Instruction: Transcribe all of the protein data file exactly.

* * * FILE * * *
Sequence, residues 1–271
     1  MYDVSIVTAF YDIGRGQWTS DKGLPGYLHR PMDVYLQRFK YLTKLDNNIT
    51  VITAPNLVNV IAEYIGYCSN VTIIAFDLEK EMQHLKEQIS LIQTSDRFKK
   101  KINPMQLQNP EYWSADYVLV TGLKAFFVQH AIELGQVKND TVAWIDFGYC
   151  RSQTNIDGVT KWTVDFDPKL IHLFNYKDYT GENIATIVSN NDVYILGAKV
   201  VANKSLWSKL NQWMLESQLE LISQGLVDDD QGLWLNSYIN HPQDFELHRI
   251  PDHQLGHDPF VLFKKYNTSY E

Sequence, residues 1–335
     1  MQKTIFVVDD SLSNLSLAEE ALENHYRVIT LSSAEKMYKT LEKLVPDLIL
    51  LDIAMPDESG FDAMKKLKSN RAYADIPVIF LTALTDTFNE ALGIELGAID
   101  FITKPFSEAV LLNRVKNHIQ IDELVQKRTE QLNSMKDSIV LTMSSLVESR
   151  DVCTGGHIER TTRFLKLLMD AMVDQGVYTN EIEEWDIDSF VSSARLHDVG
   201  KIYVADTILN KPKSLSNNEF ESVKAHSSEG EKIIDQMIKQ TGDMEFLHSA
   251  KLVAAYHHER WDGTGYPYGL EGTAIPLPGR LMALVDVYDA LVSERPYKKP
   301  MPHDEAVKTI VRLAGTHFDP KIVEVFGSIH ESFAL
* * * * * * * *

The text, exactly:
Sequence, residues 1–271
     1  MYDVSIVTAF YDIGRGQWTS DKGLPGYLHR PMDVYLQRFK YLTKLDNNIT
    51  VITAPNLVNV IAEYIGYCSN VTIIAFDLEK EMQHLKEQIS LIQTSDRFKK
   101  KINPMQLQNP EYWSADYVLV TGLKAFFVQH AIELGQVKND TVAWIDFGYC
   151  RSQTNIDGVT KWTVDFDPKL IHLFNYKDYT GENIATIVSN NDVYILGAKV
   201  VANKSLWSKL NQWMLESQLE LISQGLVDDD QGLWLNSYIN HPQDFELHRI
   251  PDHQLGHDPF VLFKKYNTSY E

Sequence, residues 1–335
     1  MQKTIFVVDD SLSNLSLAEE ALENHYRVIT LSSAEKMYKT LEKLVPDLIL
    51  LDIAMPDESG FDAMKKLKSN RAYADIPVIF LTALTDTFNE ALGIELGAID
   101  FITKPFSEAV LLNRVKNHIQ IDELVQKRTE QLNSMKDSIV LTMSSLVESR
   151  DVCTGGHIER TTRFLKLLMD AMVDQGVYTN EIEEWDIDSF VSSARLHDVG
   201  KIYVADTILN KPKSLSNNEF ESVKAHSSEG EKIIDQMIKQ TGDMEFLHSA
   251  KLVAAYHHER WDGTGYPYGL EGTAIPLPGR LMALVDVYDA LVSERPYKKP
   301  MPHDEAVKTI VRLAGTHFDP KIVEVFGSIH ESFAL